|KEY WORD : art history / paintings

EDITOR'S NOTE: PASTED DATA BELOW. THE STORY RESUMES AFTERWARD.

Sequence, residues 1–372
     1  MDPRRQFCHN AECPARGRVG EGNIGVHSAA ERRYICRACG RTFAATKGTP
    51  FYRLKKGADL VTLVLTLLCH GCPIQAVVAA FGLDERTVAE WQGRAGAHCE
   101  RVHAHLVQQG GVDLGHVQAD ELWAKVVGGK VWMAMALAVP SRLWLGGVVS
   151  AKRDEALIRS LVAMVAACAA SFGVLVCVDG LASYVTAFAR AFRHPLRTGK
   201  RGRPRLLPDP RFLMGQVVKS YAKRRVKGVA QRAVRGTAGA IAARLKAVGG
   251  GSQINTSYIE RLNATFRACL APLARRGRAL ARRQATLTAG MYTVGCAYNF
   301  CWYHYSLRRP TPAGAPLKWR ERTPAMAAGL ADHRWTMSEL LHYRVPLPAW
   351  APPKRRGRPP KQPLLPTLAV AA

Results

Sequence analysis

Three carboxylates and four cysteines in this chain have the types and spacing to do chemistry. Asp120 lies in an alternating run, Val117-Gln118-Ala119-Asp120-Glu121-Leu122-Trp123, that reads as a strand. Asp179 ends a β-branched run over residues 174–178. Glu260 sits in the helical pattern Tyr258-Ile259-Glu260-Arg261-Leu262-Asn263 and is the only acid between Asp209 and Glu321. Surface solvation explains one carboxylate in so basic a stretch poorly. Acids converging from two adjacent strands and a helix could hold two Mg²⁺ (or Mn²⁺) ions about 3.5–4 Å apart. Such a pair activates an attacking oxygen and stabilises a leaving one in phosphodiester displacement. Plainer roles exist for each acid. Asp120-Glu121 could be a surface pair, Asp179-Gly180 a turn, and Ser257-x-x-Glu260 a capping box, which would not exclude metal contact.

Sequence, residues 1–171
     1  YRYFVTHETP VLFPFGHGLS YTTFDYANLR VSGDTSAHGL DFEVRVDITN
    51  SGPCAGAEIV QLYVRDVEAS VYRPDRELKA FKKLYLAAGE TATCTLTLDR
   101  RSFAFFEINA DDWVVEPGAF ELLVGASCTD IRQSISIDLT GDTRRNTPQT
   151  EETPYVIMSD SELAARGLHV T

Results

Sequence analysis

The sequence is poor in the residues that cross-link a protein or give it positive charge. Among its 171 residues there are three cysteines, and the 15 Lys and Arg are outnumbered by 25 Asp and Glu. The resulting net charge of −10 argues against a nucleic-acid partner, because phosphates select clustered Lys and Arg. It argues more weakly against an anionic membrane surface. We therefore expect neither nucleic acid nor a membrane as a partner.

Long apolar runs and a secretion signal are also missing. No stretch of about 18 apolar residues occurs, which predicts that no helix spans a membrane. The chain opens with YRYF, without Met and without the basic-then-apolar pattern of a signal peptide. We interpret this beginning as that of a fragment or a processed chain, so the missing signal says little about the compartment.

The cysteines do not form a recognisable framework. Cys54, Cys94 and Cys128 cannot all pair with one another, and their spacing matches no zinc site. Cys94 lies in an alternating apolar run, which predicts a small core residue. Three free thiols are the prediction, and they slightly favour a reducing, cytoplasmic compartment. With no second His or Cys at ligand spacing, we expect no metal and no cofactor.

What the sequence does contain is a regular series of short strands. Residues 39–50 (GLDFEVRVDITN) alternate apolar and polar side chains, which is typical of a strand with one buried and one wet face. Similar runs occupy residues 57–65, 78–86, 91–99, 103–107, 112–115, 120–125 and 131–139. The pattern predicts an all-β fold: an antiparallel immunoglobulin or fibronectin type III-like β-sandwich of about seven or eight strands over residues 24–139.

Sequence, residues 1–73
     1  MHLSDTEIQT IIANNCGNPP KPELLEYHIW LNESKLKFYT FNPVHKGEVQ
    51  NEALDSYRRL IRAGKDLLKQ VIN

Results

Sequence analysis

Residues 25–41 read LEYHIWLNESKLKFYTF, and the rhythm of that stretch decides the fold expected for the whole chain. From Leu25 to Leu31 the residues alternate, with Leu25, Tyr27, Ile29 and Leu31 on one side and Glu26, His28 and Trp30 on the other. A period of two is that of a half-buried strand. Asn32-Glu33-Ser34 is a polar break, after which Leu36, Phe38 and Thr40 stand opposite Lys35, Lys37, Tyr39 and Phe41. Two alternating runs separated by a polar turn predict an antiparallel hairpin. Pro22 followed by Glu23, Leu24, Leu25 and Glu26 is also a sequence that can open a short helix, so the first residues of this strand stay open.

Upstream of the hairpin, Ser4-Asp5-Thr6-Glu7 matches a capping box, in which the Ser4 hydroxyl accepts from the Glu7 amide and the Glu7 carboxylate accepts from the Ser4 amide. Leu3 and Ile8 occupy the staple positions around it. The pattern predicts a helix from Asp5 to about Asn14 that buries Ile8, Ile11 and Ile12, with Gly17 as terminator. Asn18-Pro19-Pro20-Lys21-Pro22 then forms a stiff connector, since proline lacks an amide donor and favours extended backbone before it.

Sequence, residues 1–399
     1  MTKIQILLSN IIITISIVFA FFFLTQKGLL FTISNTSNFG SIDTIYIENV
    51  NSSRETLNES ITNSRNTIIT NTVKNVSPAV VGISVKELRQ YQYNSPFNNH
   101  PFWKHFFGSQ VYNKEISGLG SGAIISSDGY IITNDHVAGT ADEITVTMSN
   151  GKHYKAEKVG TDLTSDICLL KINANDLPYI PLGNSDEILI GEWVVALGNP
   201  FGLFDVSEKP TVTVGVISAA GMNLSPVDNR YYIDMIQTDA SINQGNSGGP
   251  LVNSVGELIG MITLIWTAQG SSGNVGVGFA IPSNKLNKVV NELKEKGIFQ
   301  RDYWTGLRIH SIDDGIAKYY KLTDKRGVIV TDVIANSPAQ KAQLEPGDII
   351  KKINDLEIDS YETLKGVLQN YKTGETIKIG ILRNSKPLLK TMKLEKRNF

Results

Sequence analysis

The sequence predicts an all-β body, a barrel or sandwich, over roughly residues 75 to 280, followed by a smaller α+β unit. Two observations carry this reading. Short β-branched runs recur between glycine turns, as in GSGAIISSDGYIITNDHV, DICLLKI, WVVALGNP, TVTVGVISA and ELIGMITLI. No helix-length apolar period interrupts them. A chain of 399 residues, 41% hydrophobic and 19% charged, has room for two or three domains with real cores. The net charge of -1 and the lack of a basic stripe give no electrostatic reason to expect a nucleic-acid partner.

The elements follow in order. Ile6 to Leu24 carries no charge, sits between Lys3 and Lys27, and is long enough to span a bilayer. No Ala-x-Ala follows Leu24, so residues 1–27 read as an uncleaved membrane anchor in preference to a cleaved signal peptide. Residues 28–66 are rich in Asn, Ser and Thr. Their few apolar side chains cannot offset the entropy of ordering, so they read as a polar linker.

|Musashibou Benkei 武蔵坊弁慶, a semi-legendary warrior-monk of the 12c, who was associated with Minamoto no *Yoshitsune 源義経 (1159-89) and a favorite subject in drama and art. A historical figure called Benkei appears briefly and insignificantly in AZUMAKAGAMI 吾妻鏡 (The Mirror of The East), and other histories, but the warrior-priest who serves Yoshitsune in numerous stories--described as prodigiously strong, unswervingly brave, irrepressibly cunning, and invariably good-natured--is certainly a product of the imagination. Benkei plays major roles in GIKEIKI 義経記 (The Annals of Yoshitsune), *otogi zoushi 御伽草子, BENKEI MONOGATARI 弁慶物語 (The Tales of Benkei), and in several *nou 能, kouwakamai 幸若舞, and *kabuki 歌舞伎 dramas. Benkei's first meeting with Yoshitsune is related in an episode known as "Benkei at the Bridge" Hashi Benkei 橋弁慶. The details of the incident vary depending on the version (GIKEIKI 3: McCullough, pp. 121-27; BENKEI MONOGATARI, otogi zoushi and nou HASHI BENKEI). In one version, Benkei--determined to collect one-thousand swords--way-lays passers-by until he attacks and is defeated by the young Yoshitsune. In the other version, it is the effeminate Yoshitsune, wearing a woman's cloak, who murders Taira 平 warriors at the Gojou 五条 Bridge in order to collect one-thousand swords. In both cases, after a long duel, Yoshitsune defeats Benkei and makes the ruffian his servant. The next major episode concerning Benkei and Yoshitsune is "Benkei in the Boat" Funa Benkei 船弁慶, based on an incident in GIKEIKI 4 (McCullough, pp. 153-65) and developed into the nou FUNA BENKEI , as well as the kouwakamai SHIKOKUOCHI 四国落 and OISAGASHI. When Yoshitsune and his men, fleeing the capital, set out for western Japan from Daimotsu no ura 大物浦 (see *Senbonzakura 千本桜), the vengeful ghosts of the Taira warriors slain in the Genpei 源平 war (see * heike-e 平家絵) threaten Yoshitsune and his ships. Benkei, either through prayers or arms (depending on the version), subdues the Taira spirits. Perhaps Benkei's most famous episode occurs during Yoshitsune's escape to Oushuu 奥州 (present-day Touhoku 東北 region), when Benkei dupes the guards at the Ataka 安宅 Barrier into letting pass the small band of fugitives disguised as priests. The incident, found in incipient form in GIKEIKI 7 (McCullough, pp. 251-55), was developed into the nou ATAKA, kouwakamai TOGASHI 富樫 and OISAGASHI, and achieved mass popularity in the kabuki *KANJINCHOU 勧進帳. In addition to the episodes concerning his service to Yoshitsune, a variety of legends fill in the early years of Benkei's life. The son of a priest of Kumano 熊野, he was called Oniwakamaru 鬼若丸 as a youth. Abnormally large and strong, he is described as having shoulder-length hair and a complexion supposedly scarred by smallpox. Best known of the legends of Benkei's childhood is his prodigious struggle with a giant carp under a waterfall. Eventually Benkei entered the western compound of the temple on Mt. Hiei 比叡. From Benkei's days as a priest comes the episode of his stealing the bell of the rival temple Miidera 三井寺 and carrying it up the steep slopes of Mt. Hiei. According to one version, the bell would not ring, so Benkei threw it down the mountain and it rolled back to Miidera. In another telling, the abbot of Mt. Hiei ordered Benkei to carry it back to Miidera. Also famous is his violent attack on priests at Mt. Shosha 書写 in which Benkei avenges an insult by throwing one monk onto the roof of the Lecture hall *koudou 講堂, and then burning the entire compound (GIKEIKI 3, McCullough, pp. 115-21), made into the act SHOSHAZAN 書写山 from the kabuki KIICHI HOUGEN SANRYAKU NO MAKI 鬼一法眼三略巻. As an adult, Benkei is usually depicted as a large, powerful itinerant monk yamabushi 山伏, wearing black robes, a small cap on his shaved head, and a conch shell around his neck. Typically his expression is fierce and his eyes bloodshot. Benkei is frequently shown in popular art of the Edo period, with depictions ranging from *ootsu-e 大津絵 (primarily, illustration of the Miidera incident) to sword guards tsuba 鍔. He also appears frequently in *ukiyo-e 浮世絵 including warrior prints *musha-e 武者絵; actor prints *yakusha-e 役者絵; and *mitate-e 見立絵, most notably in works by Utagawa Kuniyoshi 歌川国芳 (1797-1861).
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